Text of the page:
Europe and the US face a “lower” risk of a recession than previously expected, thanks to policies that promote industrial growth, the head of commodity strategy at Saxo Bank has said.
This is expected to help in allaying some of the worst fears in the oil market, Ole Hansen told The National in an interview, adding that “part of that fear has been adding to some selling in the market”.
Traders in the market are not being driven by the balance between supply and demand but by macroeconomic factors, he said.
Brent, the benchmark for two thirds of the world’s oil, is down by about 13 per cent since the beginning of the year as growing concerns about the global economy weigh on the outlook for crude demand.
However, the Inflation Reduction Act in the US and similar policies in the EU will underpin economic growth in those countries, Mr Hansen said.
“We are increasingly doubting that the recession really will strike, both in the US and Europe. There are simply too many handouts still going on [and] too many projects [on] the industrial front.”
The IRA, enacted last year, offers a series of tax incentives on wind, solar, hydropower and other renewables, as well as a push towards electric vehicle ownership.
It is expected to spur about $3 trillion of investment in renewable energy technology, according to Goldman Sachs.
The REPowerEU Plan proposed by the European Commission seeks to increase the share of renewables in the EU’s energy mix to 45 per cent by 2030. This is up from the bloc’s current target of 40 per cent.
Growth has been forecast at 2.1 per cent this year, down from 3.1 per cent last year, before recovering to 2.4 per cent in 2024, the Washington-based lender said in its latest Global Economic Prospects report.
“Right now, the market needs growth more than [it needs] to worry about prices because we have gotten used to the prices and it’s not as if we are seeing inflation starting to pick up again,” Mr Hansen said.
“But [prices] will struggle to come back down to the levels we have seen in the past and which [are] being projected by the central banks.”
The main question is if central banks will adjust their long-term inflationary forecasts, said Mr Hansen, adding that 2 per cent inflation target would come at the cost of economic growth.
“They'll have to … kill economic growth in order to achieve that.”
Higher interest rates could slow the global economy and dampen crude demand. The US Federal Reserve increased interest rates by a combined 500 basis points since March 2022.
However, strong crude demand, particularly from China, could push Brent back to the $80 a barrel level, Mr Hansen said.
“It's a patience game right now … the focus on stimulus from China has not really come to fruition,” he said.
“We've seen a few rate cuts but has not really been enough to support the market at this point.”
China’s economy, which rebounded after Covid-19 restrictions were lifted at the start of the year, lost momentum in May, posting weaker retail sales and manufacturing output while registering a slowdown in the property sector.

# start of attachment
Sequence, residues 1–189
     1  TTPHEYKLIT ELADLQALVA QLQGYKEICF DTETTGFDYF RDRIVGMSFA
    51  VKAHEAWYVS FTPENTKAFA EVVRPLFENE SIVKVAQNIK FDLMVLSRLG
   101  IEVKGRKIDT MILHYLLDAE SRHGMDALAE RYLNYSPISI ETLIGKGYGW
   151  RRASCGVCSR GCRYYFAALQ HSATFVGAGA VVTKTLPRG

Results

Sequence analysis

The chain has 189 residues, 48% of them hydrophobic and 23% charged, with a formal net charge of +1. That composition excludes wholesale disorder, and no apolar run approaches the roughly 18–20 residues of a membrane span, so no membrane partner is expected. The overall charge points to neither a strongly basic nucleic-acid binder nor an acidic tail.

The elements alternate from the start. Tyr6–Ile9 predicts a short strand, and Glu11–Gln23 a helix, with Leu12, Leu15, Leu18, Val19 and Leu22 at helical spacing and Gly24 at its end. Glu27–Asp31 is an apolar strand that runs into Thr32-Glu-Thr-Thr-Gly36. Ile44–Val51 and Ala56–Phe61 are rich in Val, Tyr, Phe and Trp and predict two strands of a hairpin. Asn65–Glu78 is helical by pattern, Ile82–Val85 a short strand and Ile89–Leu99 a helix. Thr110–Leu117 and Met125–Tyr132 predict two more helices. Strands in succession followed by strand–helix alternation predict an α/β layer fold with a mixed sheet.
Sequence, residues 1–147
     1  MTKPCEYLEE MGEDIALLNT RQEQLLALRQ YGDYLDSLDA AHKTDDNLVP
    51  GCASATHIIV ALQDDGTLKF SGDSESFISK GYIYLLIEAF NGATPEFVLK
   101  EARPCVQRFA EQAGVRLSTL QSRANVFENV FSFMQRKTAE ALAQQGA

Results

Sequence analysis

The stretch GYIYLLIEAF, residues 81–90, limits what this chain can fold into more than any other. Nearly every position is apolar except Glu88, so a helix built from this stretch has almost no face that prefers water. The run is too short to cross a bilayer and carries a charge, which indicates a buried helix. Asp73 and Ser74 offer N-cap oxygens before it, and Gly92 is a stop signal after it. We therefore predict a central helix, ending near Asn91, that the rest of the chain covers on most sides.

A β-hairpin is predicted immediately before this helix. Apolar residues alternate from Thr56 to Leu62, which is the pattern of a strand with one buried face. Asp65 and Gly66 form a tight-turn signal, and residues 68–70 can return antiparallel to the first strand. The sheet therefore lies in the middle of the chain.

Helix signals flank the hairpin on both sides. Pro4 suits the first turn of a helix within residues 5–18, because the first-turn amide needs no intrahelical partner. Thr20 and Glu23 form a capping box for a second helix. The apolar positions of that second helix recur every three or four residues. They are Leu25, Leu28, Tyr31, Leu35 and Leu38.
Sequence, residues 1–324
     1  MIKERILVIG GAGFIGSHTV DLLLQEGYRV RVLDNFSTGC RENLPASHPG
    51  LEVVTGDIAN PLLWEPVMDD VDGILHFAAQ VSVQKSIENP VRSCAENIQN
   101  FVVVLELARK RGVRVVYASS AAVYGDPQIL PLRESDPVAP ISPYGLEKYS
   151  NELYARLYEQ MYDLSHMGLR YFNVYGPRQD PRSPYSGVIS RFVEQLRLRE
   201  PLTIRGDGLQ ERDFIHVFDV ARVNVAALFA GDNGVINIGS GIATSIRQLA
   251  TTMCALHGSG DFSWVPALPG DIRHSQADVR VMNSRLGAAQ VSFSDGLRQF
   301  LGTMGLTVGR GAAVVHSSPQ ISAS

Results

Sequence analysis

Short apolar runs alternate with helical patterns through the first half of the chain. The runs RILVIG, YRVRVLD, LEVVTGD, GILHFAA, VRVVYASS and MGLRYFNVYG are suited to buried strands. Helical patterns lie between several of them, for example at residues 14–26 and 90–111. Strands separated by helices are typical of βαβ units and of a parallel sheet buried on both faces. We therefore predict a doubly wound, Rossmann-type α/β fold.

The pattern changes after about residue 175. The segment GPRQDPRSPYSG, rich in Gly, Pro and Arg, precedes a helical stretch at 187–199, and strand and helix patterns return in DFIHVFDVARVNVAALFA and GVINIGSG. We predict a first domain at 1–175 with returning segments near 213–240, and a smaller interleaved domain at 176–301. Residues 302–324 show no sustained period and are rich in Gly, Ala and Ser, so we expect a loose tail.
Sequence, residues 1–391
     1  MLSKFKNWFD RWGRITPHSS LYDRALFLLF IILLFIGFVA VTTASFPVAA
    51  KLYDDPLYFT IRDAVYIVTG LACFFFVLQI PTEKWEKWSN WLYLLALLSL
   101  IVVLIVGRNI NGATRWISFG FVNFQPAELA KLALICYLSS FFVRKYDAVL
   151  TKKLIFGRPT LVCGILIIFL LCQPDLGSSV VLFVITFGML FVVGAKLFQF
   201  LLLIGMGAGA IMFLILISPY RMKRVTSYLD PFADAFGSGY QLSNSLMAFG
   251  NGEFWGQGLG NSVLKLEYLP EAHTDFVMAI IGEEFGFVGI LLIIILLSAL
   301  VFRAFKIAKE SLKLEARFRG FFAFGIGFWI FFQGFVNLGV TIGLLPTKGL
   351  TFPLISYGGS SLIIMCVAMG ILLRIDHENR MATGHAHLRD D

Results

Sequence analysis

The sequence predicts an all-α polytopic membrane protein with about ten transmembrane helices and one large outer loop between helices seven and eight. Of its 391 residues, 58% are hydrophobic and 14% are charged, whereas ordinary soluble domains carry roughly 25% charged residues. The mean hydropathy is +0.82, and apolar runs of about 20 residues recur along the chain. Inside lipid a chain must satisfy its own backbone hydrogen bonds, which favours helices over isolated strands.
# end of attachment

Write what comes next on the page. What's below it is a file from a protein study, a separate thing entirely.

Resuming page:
The world’s largest crude importer recently cut two market-based benchmark lending rates, but the loosening of its monetary policy was less aggressive than what some analysts expected.
Potential measures should stimulate growth and create a change in sentiment “because it seems like the Chinese economy is sputtering … and that potentially is filtering through to consumers in the country”, Mr Hansen said.
The International Energy Agency and Opec expect the oil market to tighten in the second half of the year amid Opec+ cuts and a rebound in Chinese crude demand.
However, resilient Russian crude supply and rising output in countries under sanctions such as Iran and Venezuela could potentially result in a smaller deficit in 2023, analysts have said.
Several investment banks, including Goldman Sachs, MUFG and UBS, have slashed their short-term oil price forecasts over the past few weeks, citing higher-than-expected crude supply in the market.
“The bulk of that [oil demand] increase is projected to start in the third quarter, and that obviously [has created] a lot of nervousness in the market about whether that's going to happen or not,” Mr Hansen said.
“If we don’t see a continued increase in demand, then we have a market that will be challenged and that’s probably one reason why … Opec+ and Saudi Arabia stepped in just trying to meet that risk head on,” he said.
On June 4, Saudi Arabia, the world’s largest crude exporter, announced that it would cut its July output by a million barrels per day and said this could be extended depending on market conditions.
Meanwhile, the Opec+ alliance will stick with its voluntary output cuts until the end of next year.
“My overall take is based on the [assumption] that the Opec+ has created a soft floor under the market [and] there is a fear of selling it aggressively lower simply for risk of additional cuts being implemented,” Mr Hansen said.